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'In the Snack-bar' - Evaluation.

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'In the Snack-bar' Evaluation by Amy Naumann Recently in class we have been studying 'In the Snack-bar' by Edwin Morgan. In this essay I will be discussing the various literary techniques and language the poet uses to bring across the misery of old age. The poem is about someone helping an old man to the toilet in a snack bar. The old man's severe disability turns the seemingly simple task into a quest where everyday objects become problematic obstacles and each step takes a lifetime. The old man's helplessness makes the poet philosophical about old age, disability and the very nature of life. 'In the Snack-Bar' is probably set in Scotland as that is where the poet is from, and also because it is wet in the summer, 'these rains of August', as it often is in Scotland. It sounds like it is in a large city such as Glasgow as it's a 'crowded' snack bar. It is most likely to be set in the last thirty years, as before then coffee machines would not have been commonplace. ...read more.


And slowly we go down'. This use of repetition emphasises the slowness and agony brought about by the simple task of walking down a flight of stairs, making it sound like the ordeal it must have been. Repetition is used again later to continue this feeling when the pair are going back up the stairs; 'he climbs, and steadily enough. He climbs, we climb. He climbs'. Morgan also uses words with negative connotations to convey the agony of the old mans life. The poem is full of these words, such as 'dismal', 'doubtfully', 'feebly', 'embarrassment', and 'shame'. They are used throughout the poem to give it a depressing and bitter tone, as if all of the old man's life is like this. The sentence structure of the poem also helps bring across the ideas of helplessness and pity. When the old man speaks, hyphens are used make him sound nervous: 'I want - to go to the - toilet'. This makes the old man sound like a dependant child who has to ask help for the most embarrassing and personal needs in public. ...read more.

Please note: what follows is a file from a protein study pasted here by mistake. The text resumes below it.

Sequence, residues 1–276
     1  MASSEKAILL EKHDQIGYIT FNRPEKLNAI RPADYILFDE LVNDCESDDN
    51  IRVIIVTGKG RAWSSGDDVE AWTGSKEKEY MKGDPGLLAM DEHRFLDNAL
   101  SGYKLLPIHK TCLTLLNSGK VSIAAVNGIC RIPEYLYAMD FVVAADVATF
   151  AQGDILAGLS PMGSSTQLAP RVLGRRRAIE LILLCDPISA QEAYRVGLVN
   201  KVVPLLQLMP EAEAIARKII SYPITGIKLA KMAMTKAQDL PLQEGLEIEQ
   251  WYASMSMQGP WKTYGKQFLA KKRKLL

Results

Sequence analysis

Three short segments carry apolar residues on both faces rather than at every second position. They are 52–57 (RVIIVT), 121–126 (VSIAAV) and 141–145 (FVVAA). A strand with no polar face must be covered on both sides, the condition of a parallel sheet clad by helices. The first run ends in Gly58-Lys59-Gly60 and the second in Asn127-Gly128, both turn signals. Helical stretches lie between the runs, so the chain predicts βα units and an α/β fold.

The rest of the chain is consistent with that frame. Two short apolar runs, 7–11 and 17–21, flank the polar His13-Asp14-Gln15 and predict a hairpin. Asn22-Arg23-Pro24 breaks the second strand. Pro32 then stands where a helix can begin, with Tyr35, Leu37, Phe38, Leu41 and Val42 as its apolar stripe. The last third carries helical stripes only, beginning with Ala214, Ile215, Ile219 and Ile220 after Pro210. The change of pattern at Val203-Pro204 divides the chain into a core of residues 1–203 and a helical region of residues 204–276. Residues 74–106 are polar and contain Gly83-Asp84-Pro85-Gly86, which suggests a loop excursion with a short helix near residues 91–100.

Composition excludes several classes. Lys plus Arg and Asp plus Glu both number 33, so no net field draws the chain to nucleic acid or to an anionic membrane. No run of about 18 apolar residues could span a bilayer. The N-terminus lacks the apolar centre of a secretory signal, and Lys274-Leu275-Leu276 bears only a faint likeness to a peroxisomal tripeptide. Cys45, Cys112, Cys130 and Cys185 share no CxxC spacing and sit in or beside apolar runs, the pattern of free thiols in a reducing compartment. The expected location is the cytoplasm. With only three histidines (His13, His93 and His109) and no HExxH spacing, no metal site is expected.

I knew already that there are bad things in the world as I had been repulsed about old age before. Morgan talks about important issues to some extent, but only by giving observations, not views or emotions. He doesn't allow himself to see the old man as anything other than what he can see with his eyes. He doesn't think that the old man may have had a family or a past, or at least in no way shows these thoughts to us. I think that this is the easy way of writing a poem. He doesn't give his emotions, he doesn't bare his soul but makes us think for ourselves. He creates a picture and almost dares us to feel disgust for the old man without saying what he feels. In conclusion, I haven't and probably never will make up my mind on whether I like 'In the Snack-bar'. It is definitely an interesting poem in the way that it is well-written and full of literary techniques. For people who have not thought much about what it would be like to be elderly and disabled it is a good eye-opener as it really puts you in the position to think, but whether it is really about serious issues is debatable. ...read more.

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